Jaco Pastorius (Weather Report, Joni Mitchell, Ian Hunter)


By Thomas Semioli


“I’m not a star. I’ll never be a Frank Sinatra or Elvis Presley or a Ray Charles. I’m just an imitator, man. I’m doing a very bad imitation on the bass of Jerry Jemmott, Bernard Odum, Jim Fielder, Jimmy Blanton, Igor Stravinsky, Jimi Hendrix, John Coltrane, James Brown, Charlie Parker… the cats, man. I’m just backing up the cats…” Jaco Pastorius


You can divide the history of the bass into two categories: Before Jaco. After Jaco. As a student at the University of Miami in the late 1970s – a time when the electric bass was not considered a legitimate instrument by the jazz establishment (aka “the jazz police”), in the many instances when we were confronted by such ignorance –  we simple responded to the misbegotten taunts with one word, one name: Jaco!  


Jaco’s influence is, in a word, incalculable. Drawing on his deep reference for Cuban music (especially percussionists), jazz, rhythm & blues, Frank Sinatra, big-band, funk, rock, pop, soul, and every permutation thereof, Jaco brought an exciting, fresh voice to the instrument akin to his artistic peers Jimi Hendrix and Charlie Parker, to reference two.


On the technical side, Jaco’s virtuoso application of harmonics, chords, advanced harmonies, and lyrical improvisations all coaxed from a battered fretless Fender Jazz – known as the “Bass of Doom,” shook the foundation of popular music. His unique tone shattered the long-held tenets of what a bass should sound like. The full possibilities of the electric bass which Jaco pioneered are still being explored today by players of all generations. On stage, he was a master showman.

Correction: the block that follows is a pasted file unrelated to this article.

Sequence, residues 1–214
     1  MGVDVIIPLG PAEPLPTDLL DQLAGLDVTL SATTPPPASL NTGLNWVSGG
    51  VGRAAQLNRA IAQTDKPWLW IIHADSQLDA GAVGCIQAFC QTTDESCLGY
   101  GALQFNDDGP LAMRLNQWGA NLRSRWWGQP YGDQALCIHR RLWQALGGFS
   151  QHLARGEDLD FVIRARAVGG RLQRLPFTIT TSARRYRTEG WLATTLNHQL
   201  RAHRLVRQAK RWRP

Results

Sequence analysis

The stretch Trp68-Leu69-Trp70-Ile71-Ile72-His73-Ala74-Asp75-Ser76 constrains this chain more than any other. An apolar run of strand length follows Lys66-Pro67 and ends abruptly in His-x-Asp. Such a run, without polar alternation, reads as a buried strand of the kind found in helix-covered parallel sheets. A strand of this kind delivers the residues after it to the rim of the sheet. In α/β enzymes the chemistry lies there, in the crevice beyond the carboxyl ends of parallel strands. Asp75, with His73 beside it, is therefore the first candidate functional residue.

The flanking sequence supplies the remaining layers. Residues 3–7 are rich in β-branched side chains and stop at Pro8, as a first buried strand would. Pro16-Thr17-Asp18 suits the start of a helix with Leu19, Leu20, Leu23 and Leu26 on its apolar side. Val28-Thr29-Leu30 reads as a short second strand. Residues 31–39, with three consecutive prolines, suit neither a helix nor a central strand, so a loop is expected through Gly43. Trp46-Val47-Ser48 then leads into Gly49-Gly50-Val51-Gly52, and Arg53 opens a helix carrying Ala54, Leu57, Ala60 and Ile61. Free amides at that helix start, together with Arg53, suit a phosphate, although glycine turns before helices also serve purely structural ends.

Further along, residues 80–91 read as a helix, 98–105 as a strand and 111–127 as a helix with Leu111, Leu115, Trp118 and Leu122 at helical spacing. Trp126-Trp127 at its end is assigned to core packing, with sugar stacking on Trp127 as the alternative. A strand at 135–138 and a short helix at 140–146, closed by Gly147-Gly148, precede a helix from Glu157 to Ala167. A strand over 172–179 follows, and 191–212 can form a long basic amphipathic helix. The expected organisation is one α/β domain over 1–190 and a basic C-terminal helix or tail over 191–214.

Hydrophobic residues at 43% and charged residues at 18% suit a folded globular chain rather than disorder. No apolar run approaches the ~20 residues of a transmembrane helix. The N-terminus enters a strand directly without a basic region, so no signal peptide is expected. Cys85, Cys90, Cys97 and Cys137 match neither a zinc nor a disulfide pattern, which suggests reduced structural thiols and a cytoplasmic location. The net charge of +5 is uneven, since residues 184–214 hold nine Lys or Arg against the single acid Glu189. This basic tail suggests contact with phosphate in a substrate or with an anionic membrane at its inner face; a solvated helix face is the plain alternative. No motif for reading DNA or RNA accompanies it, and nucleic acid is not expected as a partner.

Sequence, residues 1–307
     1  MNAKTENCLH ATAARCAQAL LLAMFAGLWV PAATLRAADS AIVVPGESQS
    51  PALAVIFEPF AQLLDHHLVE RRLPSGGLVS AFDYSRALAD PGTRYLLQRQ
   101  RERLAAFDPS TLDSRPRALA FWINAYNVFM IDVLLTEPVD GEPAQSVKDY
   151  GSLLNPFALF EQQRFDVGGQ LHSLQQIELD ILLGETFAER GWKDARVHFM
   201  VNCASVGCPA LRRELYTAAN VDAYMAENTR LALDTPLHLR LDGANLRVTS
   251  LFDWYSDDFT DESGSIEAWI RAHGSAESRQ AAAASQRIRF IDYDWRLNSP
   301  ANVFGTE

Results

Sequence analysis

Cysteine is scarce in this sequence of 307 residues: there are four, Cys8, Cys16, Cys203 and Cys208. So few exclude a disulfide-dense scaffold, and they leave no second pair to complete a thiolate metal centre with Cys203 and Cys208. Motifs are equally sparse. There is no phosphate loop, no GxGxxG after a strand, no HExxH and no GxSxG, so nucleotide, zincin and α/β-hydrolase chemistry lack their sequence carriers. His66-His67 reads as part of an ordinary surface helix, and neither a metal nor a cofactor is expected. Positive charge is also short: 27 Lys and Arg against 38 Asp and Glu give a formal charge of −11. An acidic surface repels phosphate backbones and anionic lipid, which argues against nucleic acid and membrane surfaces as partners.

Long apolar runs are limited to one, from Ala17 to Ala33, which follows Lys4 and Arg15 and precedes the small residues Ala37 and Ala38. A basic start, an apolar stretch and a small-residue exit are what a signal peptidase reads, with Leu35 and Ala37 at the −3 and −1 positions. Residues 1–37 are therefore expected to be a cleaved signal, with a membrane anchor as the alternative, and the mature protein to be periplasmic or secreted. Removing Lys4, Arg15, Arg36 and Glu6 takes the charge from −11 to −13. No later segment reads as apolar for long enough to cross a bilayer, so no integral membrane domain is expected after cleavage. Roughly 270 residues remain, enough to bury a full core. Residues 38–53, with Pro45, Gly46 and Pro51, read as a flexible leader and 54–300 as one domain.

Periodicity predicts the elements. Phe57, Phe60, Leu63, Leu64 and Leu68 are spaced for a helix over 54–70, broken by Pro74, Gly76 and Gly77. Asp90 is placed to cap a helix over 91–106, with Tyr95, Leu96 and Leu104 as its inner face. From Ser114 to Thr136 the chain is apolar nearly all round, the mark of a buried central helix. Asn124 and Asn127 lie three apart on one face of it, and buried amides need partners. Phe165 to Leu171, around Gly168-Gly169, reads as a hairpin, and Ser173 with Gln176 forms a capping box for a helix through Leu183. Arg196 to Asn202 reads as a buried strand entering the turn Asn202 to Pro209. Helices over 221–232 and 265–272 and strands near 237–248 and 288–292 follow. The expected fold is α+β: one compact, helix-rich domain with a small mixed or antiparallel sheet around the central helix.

Jaco’s work with Weather Report, Joni Mitchell, Ian Hunter, and as a solo artist and collaborator  remains watershed, and continues to inspire scores of players.   


Kudos to film makers Paul Marchand, Stephen Kijak and Metallica bassist Robert Trujillo for telling Jaco’s story with the grace, dignity, and respect he so richly deserves: Jaco  – Passion Pictures / 2014.    


Jaco Pastorius Sound & Vision…


Jaco and Joni: “Shadows & Light”  https://youtu.be/bLKb9Ms68ME


Ian Hunter “All American Alien Boy” https://youtu.be/i9y7IIjS3Kk


From Rock ‘n’ Roll Sweepstakes: Ian Hunter – The Authorized Biography Volume Two by Campbell Devine (Omnibus Press). Tom Semioli, who runs the US website KNOW YOUR BASS PLAYER describes the record that introduced (Jaco) Pastorius to rock audiences as “…an overlooked masterpiece. Jaco’s bold motifs beautified Hunter’s intense, introspective, observational verses and melodies. Unlike his time with Joni, Jaco didn’t dare outmaneuver Hunter. An undeniably captivating marriage of jazz, rock and poetry, no album (All American Alien Boy / 1976 / Columbia Records) sounded like this before, and no album has sounded like it since….”



Weather Report:


“Teen Town” https://youtu.be/a3113eNj4IA


“Birdland”  https://youtu.be/SvhmaNlLgRM




“Donna Lee”  https://youtu.be/dGbCxcuNjBU


“Portrait of Tracy” https://youtu.be/IqndXUPBjIo